A bearing is a part of a machine that endures friction, often caused by a rotating part. A rotating ball produces less friction than two surfaces that are sliding against each other because there is less contact. Balls, or spheres, only contact the inner and outer race at a small point and because of this it cannot handle heavier loads without deforming. Roller bearings are cylindrical which means that the contact between the inner and outer races are a line, not a point. This allows them to support heavier loads without deforming.
A ball bearing reduces rotational friction and supports radial and axial loads. It is composed of at least three races; one must be stationary and the other is attached to the rotating assembly. As the race moves, the balls move, and the load is transmitted through them. In aviation, ball bearings are used in airframe control systems, landing gear, engine mounts, APUs, navigation systems, etc. Different types of ball bearings are used for different applications due to their varying heat, stress, and load tolerance. Some bearings are capable of handling axial loads, radial loads, or some combination thereof.
Angular contact ball bearings support both the axial and radial loads. The races are axially asymmetric, with the angle of contact being the same on both the inner and outer races. When the contact angle is larger, is supports a higher axial load, but a lower radial load. When they are being used in high speed applications, the balls generate a centrifugal force which causes the contact angles to shift. The balls are composed of ceramics in this case because they are lighter than steel and reduce the amount of centrifugal force produced; they are similar to steel in that they do not wear quickly in high temperature environments.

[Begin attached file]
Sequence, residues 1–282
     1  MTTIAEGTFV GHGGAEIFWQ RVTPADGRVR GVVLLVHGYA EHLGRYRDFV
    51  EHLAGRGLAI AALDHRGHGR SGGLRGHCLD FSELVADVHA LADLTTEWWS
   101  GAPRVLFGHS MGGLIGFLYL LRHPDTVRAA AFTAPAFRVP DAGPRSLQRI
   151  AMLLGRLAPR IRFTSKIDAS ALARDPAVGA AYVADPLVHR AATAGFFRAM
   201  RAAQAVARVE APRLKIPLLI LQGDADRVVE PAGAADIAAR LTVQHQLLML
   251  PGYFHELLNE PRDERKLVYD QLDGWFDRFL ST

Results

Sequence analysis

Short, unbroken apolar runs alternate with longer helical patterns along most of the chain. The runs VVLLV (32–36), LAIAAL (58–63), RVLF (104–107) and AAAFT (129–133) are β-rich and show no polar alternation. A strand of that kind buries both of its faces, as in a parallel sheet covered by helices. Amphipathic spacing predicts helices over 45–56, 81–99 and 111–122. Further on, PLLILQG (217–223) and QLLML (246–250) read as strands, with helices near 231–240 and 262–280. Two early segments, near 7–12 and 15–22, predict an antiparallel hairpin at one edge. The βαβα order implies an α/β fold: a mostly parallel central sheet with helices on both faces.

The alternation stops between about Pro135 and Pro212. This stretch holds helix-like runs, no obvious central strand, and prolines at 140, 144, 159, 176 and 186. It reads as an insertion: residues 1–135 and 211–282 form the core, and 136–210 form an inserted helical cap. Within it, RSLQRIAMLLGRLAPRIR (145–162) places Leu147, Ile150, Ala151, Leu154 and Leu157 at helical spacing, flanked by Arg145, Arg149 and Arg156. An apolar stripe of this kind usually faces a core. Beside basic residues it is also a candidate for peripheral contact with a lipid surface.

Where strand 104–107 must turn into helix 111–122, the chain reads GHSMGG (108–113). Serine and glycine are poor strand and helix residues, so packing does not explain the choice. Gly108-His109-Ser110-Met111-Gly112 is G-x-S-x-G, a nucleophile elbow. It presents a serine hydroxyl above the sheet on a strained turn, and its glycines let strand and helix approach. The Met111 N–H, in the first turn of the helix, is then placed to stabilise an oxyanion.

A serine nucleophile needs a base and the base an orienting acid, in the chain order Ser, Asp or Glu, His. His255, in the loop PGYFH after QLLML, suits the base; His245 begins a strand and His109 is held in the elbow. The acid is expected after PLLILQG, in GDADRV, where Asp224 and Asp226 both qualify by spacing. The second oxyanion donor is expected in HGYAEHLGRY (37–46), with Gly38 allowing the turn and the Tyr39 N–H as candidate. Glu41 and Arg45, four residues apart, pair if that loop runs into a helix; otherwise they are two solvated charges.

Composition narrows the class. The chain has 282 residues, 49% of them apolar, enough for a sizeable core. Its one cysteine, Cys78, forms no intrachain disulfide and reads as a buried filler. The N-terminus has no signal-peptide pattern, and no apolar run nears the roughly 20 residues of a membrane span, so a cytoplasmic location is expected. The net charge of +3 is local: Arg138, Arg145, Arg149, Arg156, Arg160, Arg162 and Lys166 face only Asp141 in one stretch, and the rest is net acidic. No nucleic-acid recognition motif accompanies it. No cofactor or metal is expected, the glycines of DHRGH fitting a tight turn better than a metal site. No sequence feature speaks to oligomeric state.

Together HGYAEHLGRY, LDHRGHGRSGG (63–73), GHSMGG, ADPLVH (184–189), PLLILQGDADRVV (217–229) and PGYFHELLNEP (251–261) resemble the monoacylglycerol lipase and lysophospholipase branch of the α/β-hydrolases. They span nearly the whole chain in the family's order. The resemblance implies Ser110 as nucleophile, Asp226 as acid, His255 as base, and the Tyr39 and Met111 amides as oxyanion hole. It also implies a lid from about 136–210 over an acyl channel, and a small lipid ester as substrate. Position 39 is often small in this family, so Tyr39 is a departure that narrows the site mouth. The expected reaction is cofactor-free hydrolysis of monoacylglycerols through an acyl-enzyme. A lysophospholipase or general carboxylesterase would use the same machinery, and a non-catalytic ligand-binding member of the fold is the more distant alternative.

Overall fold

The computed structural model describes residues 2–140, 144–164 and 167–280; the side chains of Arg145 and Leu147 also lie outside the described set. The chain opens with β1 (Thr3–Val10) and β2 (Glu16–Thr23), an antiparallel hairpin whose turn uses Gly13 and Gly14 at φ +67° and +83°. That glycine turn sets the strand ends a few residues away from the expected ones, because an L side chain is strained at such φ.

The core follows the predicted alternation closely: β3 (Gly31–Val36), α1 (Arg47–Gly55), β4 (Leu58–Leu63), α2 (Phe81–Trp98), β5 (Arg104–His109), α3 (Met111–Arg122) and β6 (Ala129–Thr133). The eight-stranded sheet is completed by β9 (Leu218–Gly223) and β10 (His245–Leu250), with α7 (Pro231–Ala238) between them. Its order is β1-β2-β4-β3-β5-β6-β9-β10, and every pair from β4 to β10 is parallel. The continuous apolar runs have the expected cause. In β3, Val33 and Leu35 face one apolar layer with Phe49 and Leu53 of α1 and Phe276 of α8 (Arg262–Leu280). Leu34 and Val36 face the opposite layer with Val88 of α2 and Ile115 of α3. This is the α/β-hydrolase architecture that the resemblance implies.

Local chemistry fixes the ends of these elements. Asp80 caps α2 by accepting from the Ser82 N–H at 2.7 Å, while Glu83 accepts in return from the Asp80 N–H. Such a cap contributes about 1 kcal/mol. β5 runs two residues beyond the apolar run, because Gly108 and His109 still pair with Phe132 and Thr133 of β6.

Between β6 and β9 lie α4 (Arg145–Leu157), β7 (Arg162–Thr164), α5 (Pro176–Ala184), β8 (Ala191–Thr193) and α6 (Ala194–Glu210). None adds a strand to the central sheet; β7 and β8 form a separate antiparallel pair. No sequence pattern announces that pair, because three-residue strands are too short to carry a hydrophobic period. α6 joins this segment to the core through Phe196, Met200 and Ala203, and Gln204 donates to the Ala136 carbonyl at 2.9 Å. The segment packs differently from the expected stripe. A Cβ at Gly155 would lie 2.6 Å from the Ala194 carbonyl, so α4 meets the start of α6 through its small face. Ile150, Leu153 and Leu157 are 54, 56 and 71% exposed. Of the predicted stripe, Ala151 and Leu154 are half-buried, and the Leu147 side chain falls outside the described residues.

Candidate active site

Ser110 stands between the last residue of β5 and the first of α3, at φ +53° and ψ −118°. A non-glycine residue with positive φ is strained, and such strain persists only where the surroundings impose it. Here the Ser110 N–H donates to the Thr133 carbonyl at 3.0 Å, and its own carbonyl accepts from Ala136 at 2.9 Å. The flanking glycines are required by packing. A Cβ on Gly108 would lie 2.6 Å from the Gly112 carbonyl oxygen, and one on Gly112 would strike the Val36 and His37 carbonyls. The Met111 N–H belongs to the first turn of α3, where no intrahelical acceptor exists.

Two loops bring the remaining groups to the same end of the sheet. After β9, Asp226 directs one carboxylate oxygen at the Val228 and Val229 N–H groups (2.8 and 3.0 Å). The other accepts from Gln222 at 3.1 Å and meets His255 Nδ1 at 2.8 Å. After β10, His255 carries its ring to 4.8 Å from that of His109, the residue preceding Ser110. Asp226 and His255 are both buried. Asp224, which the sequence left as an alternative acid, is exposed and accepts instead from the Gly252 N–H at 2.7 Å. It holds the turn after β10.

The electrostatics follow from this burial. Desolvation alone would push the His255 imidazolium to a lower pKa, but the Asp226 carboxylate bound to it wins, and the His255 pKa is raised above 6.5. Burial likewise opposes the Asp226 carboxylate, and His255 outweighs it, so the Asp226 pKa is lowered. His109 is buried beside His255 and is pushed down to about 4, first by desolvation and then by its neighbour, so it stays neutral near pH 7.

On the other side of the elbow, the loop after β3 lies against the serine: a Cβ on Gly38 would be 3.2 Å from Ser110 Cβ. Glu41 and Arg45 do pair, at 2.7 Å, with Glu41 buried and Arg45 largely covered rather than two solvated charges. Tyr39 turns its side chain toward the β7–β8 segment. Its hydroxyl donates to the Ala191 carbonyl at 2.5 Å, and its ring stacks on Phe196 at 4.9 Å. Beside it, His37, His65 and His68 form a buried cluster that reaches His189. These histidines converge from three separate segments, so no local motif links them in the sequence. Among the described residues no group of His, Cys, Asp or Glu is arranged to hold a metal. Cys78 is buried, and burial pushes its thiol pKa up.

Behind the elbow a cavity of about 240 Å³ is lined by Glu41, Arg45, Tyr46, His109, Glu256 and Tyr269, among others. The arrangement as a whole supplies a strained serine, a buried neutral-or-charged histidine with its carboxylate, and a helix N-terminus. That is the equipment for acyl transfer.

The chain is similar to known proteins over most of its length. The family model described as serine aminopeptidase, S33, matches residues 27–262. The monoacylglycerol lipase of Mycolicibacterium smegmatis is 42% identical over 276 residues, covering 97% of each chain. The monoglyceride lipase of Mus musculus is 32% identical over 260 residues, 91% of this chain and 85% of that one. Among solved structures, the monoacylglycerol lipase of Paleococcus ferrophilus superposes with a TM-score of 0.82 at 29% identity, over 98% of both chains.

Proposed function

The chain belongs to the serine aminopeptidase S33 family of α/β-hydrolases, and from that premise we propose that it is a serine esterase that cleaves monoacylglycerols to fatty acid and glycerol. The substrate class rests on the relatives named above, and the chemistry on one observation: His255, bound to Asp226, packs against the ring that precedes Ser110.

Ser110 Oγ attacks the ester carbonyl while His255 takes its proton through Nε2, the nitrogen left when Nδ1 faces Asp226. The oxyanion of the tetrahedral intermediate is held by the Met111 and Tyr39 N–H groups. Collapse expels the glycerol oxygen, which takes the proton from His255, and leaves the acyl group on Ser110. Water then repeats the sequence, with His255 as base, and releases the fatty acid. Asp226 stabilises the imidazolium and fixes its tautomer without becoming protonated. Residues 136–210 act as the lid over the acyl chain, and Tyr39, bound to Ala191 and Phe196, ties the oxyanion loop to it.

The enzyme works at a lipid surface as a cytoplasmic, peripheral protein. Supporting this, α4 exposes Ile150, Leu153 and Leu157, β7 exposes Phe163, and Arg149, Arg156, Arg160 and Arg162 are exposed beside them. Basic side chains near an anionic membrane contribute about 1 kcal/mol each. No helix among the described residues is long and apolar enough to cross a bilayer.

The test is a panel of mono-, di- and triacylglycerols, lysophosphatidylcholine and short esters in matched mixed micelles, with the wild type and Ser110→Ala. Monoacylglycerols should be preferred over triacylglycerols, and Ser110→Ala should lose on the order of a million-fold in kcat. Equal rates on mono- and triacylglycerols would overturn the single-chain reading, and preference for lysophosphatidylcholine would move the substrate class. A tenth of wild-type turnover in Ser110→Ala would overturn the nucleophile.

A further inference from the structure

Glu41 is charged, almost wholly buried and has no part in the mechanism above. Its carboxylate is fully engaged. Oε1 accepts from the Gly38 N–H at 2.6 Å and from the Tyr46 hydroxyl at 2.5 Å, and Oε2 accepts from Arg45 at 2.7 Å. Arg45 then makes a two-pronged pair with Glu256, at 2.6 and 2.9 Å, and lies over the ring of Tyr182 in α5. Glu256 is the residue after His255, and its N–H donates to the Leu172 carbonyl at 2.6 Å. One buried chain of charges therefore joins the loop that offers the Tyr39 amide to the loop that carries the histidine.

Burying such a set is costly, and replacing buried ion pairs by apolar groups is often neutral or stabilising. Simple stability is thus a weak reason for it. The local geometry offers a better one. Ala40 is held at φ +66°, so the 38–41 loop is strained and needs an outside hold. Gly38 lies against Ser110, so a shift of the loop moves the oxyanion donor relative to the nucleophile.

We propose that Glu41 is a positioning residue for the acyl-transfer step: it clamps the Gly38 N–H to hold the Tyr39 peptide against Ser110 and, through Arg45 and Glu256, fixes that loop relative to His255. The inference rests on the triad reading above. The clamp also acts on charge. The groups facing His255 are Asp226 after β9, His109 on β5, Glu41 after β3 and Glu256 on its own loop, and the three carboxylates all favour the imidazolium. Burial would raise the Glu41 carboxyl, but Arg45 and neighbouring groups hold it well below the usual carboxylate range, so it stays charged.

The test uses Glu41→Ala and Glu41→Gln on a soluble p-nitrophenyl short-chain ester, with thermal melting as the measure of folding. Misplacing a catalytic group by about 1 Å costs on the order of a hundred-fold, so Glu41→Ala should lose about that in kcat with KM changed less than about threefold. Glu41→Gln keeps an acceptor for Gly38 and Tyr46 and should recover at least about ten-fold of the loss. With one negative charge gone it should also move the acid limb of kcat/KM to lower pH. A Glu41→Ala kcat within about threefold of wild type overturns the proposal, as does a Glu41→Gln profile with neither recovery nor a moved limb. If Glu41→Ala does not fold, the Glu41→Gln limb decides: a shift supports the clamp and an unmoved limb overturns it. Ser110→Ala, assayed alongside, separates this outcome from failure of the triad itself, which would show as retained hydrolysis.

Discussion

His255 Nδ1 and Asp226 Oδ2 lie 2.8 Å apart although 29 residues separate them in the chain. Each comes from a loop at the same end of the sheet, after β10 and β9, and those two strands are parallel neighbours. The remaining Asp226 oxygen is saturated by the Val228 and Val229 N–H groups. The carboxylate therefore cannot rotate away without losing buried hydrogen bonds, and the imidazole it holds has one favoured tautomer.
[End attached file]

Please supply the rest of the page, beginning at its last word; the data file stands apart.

In an axile or thrust ball bearing, the axial load is transmitted directly through the bearing and a large radial load will most likely cause damage. Deep groove radial bearings have races and balls that are similar in size. This supports higher loads: both axial and radial. These common designs are often applied in preloaded pairs, two bearings are put on a rotating shaft and face each other; pairing evenly distributes the loads and increases the load capacity.
The spindle bearing is designed to accommodate heavy loads and high speeds. Since this bearing supports the axial load on only one side, it is adjusted against a second spindle ball. There are two primary kinds of spindle bearings: open and closed. Open spindle bearings contain large balls which maximize performance capacity. The closed spindle bearing contains small balls which reduce capacity but increase axial rigidity and speed.
At ASAP Sourcing Solutions, owned and operated by ASAP Semiconductor, we can help you find all the radial ball bearings, aircraft ball bearings, and ball bearing spindles you need, new or obsolete. As a premier supplier of parts for the aerospace, civil aviation, and defense industries, we’re always available and ready to help you find all the parts and equipment you need, 24/7x365. For a quick and competitive quote, email us at email@example.com or call us at 1-412-212-0606.